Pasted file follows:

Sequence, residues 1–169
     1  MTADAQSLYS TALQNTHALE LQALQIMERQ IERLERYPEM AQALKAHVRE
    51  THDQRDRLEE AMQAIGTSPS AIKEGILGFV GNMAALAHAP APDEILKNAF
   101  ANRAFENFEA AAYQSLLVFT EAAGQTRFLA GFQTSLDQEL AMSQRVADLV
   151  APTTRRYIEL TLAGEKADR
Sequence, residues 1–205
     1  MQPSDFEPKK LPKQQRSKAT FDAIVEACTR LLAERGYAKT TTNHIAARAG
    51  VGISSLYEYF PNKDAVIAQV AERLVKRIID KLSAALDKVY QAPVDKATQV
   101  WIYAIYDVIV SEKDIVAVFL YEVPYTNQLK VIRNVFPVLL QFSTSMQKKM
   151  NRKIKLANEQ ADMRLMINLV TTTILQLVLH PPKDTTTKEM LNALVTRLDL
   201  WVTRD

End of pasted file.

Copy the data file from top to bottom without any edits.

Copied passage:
Sequence, residues 1–169
     1  MTADAQSLYS TALQNTHALE LQALQIMERQ IERLERYPEM AQALKAHVRE
    51  THDQRDRLEE AMQAIGTSPS AIKEGILGFV GNMAALAHAP APDEILKNAF
   101  ANRAFENFEA AAYQSLLVFT EAAGQTRFLA GFQTSLDQEL AMSQRVADLV
   151  APTTRRYIEL TLAGEKADR
Sequence, residues 1–205
     1  MQPSDFEPKK LPKQQRSKAT FDAIVEACTR LLAERGYAKT TTNHIAARAG
    51  VGISSLYEYF PNKDAVIAQV AERLVKRIID KLSAALDKVY QAPVDKATQV
   101  WIYAIYDVIV SEKDIVAVFL YEVPYTNQLK VIRNVFPVLL QFSTSMQKKM
   151  NRKIKLANEQ ADMRLMINLV TTTILQLVLH PPKDTTTKEM LNALVTRLDL
   201  WVTRD